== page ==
We’ve Got Cooties!

Every Friday my column appears in a bunch of papers in Ontario and Saskatchewan. This week’s column was really just a shortened version of yesterday’s post, so instead I thought I’d run a column from back in 2007, that I really enjoyed. We’ve had some heavy posts this week, and I thought we needed something lighter! So my daughter does not have lice RIGHT NOW; it was back in 2007!

We've got CootiesRecently, a friend warned me that one of my daughter’s playmates had lice, so before Katie went to bed that night, I called her over to take a peek at her scalp. As I parted her hair, I was greeted by a bug running for cover.

I did what any normal mother would do. “Keith,” I shrieked, “get over here!” He ambled over, not too worried, and gazed at the offending creature. “Huh,” he said. “Look at that.” He’s a pediatrician, and pediatricians have no sympathy unless someone is coughing up a lung.

I insisted that he leave right that instant and get some lice killer shampoo. He asked if it could wait until morning. I gave him That Look. Off he went.

We stayed up until midnight as I picked eggs out of my daughter’s hair. We changed everyone’s bedding, even mine, because she likes to crawl into bed and wrestle in the morning. We banished all stuffed animals to garbage bags in the garage for two weeks. We vacuumed the sofa. Basically, I overreacted. But let me reiterate: my kid had something crawling in her hair. I think I was entitled.

The next day, I ran an internet search for information about lice, and found a very comprehensive site put out by Harvard University. But the more I read, the more I felt that these people had far too much education to understand the real world.

First, Harvard went to great pains to declare that having lice is not a big deal.

It doesn’t cause any illness or infection, and it’s not nearly as transmissible as a cold or flu virus. They went on to say that kids with lice should be allowed in school, because we let kids in who have colds. And colds, to Harvard, are far worse.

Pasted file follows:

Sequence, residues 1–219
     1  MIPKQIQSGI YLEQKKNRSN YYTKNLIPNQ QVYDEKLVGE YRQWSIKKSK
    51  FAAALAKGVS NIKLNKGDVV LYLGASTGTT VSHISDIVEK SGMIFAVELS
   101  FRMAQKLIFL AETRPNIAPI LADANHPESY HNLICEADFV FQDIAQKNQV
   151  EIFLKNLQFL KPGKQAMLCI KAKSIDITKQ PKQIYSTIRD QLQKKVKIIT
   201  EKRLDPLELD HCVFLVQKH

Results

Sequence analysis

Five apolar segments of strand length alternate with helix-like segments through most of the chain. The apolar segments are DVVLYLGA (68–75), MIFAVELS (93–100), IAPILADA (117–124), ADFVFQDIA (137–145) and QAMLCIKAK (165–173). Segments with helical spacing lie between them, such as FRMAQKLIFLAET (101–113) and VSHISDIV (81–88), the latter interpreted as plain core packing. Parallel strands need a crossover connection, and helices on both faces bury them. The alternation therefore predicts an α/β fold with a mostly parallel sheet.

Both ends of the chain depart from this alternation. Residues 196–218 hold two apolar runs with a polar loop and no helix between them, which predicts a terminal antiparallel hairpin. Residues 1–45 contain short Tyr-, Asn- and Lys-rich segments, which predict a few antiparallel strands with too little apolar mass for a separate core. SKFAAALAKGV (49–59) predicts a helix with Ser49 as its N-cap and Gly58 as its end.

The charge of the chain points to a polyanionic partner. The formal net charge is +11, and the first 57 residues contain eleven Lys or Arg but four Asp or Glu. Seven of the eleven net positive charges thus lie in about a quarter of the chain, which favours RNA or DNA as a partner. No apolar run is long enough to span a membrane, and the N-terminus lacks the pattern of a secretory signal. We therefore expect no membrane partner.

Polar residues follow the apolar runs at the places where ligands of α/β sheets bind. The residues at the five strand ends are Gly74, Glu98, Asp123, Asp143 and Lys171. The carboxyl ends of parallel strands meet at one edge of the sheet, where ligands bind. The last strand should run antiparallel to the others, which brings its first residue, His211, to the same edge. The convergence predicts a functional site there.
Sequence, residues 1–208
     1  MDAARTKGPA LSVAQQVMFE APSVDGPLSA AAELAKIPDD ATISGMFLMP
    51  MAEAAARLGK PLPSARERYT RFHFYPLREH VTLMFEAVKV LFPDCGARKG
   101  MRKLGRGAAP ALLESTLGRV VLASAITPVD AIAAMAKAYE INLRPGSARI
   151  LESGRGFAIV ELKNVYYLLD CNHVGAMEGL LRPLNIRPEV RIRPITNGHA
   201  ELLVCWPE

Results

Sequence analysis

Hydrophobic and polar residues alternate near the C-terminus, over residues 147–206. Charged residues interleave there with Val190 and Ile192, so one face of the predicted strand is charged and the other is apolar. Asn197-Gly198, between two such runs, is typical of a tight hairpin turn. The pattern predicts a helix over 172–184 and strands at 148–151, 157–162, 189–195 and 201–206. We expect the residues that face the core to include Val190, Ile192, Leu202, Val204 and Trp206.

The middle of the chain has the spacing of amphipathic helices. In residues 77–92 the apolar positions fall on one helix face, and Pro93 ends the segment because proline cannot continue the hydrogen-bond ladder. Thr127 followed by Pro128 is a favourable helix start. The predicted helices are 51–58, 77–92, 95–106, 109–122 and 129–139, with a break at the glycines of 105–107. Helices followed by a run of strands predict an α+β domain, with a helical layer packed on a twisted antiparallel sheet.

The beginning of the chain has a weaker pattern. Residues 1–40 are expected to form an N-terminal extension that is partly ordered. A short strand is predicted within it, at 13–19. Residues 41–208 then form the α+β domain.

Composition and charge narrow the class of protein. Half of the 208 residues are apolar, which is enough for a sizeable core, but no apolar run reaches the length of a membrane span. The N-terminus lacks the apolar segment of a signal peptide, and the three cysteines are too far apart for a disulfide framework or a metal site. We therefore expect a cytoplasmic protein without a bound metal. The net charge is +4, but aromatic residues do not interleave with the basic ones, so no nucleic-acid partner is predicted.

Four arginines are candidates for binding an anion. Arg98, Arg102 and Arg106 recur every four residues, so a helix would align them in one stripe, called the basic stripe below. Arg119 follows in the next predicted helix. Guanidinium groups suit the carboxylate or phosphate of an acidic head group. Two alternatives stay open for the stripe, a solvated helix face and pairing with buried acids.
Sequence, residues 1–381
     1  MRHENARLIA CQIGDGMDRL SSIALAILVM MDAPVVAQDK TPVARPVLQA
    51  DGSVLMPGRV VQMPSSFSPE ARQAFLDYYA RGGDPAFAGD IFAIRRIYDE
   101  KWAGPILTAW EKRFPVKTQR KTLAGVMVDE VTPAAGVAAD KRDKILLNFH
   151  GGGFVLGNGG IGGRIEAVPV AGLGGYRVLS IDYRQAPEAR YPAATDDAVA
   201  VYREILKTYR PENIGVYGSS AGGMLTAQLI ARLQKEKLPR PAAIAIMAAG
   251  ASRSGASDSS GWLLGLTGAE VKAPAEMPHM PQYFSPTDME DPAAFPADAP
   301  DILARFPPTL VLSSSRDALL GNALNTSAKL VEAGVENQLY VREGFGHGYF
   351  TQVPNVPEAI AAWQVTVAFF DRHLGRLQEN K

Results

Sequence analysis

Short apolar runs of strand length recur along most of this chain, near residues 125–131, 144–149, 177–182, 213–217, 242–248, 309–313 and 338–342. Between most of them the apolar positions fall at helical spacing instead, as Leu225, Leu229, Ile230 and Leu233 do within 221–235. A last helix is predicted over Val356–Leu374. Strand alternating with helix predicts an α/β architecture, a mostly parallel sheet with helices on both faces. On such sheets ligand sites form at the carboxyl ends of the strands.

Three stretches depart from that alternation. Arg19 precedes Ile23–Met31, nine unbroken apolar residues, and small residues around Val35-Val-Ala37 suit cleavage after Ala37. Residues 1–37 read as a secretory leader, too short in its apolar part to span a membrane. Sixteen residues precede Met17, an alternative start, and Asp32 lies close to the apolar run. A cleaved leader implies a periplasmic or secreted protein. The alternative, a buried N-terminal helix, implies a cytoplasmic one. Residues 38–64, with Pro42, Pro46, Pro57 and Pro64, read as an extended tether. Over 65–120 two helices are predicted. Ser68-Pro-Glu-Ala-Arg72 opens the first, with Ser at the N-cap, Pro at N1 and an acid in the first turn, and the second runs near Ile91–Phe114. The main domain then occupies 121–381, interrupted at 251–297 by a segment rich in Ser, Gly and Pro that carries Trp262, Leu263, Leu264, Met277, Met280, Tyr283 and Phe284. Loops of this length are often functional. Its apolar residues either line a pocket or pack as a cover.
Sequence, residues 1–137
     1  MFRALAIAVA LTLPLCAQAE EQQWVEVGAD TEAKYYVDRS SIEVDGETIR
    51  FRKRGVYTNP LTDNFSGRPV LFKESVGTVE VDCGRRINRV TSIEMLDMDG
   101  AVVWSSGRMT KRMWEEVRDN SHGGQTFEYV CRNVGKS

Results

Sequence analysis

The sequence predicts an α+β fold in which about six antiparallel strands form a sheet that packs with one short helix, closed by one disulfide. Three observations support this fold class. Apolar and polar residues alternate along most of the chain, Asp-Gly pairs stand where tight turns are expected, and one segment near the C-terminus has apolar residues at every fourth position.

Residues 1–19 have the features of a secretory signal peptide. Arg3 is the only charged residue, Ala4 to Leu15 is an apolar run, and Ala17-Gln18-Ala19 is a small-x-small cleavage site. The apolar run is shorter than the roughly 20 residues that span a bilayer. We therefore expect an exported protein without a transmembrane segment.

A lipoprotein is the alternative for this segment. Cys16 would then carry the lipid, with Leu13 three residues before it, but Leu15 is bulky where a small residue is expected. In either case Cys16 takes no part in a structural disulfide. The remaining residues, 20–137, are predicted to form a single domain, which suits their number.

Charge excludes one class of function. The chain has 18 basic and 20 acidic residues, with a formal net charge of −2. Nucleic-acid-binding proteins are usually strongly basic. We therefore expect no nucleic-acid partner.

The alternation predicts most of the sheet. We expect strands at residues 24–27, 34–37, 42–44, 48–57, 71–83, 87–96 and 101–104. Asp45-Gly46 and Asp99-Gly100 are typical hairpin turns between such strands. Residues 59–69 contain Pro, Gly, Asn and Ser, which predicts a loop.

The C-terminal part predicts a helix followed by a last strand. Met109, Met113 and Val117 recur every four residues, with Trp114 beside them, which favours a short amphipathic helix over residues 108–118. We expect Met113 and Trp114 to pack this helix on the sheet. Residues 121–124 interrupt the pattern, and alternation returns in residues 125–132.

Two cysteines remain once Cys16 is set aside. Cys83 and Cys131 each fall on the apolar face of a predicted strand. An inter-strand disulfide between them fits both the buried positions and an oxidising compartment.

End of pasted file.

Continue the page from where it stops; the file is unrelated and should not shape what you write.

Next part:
Obviously no one at Harvard has ever done laundry.

But here’s the thing, Harvard. I knew Katie wasn’t going to die, or get a debilitating illness, or be disabled. I was not worried about her health. But I was worried because my kid had bugs in her hair. Bugs. In. Her. Hair. Pardon me if I think that’s a big deal, but I think having insects crawling on one’s scalp is enough to cause most mothers to go into panic mode.

Harvard then went on to explain how lice tend to like clean hair, so there should be no stigma attached to it. Again, I understand. I know that it was not Katie’s fault that she got it.

But it would be my fault, I think, if she failed to get rid of it. While clean kids get it, dirty kids rarely get over it. It’s not easy to fight the little buggers; you have to comb those eggs out, and they’re sticky little things. You have to kill all the little babies. You have to wash your child’s bedding and toys. But some parents don’t do all this. And then a few weeks later the child has a full blown case again.

It’s almost guaranteed that there will be at least one child per classroom who has chronic lice, and I know some parents who make sure their children’s hair is not “clean” at school as a precaution. It’s not that they swear off shampoo; it’s that they pile on the gel and hair spray. Apparently the bugs don’t like goop, so it’s like putting a “No Trespassing” sign on your children’s heads. We’re going to do that from now on, even though Harvard failed to recommend it.

They did, however, try to put a positive spin on the lice thing in general, proving once again that academics are overpaid.

“A few lice on the head should not cause alarm; rather, they present an opportunity for parents to spend the needed time with their children in order to find and remove the offending insects.” What a great bonding opportunity!

If any of you would like such an opportunity, we saved a few eggs in a plastic bag to use in a science experiment later. I’d be glad to give them up. Personally, though, I’d suggest a game of Monopoly or a walk around the block. But then, I don’t have a Ph.D., so you’ll have to make that judgment yourself.

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Comments

  1. A parent can wash everything, spend hours of “quality time” combing out a child’s hair and quarantine every stuffed animal in the house and still have trouble getting every bug and egg. I spent several of the most frustrating months of my life doing this. Thinking about it makes my head itch!

  2. I feel for you sweetie. We have a wonderful hair stylist and she says that once the scalpe is clean of bugs and eggs, use hair gel in the child’s hair. Yours as well. The bugs do not like the coated hair follicles. They rather like the clean hair.
    I will be praying that the lice pass quickly for you. Hugs sweetie. U

  3. Hahaha thanks for the laugh:). Sorry you had to go through that though!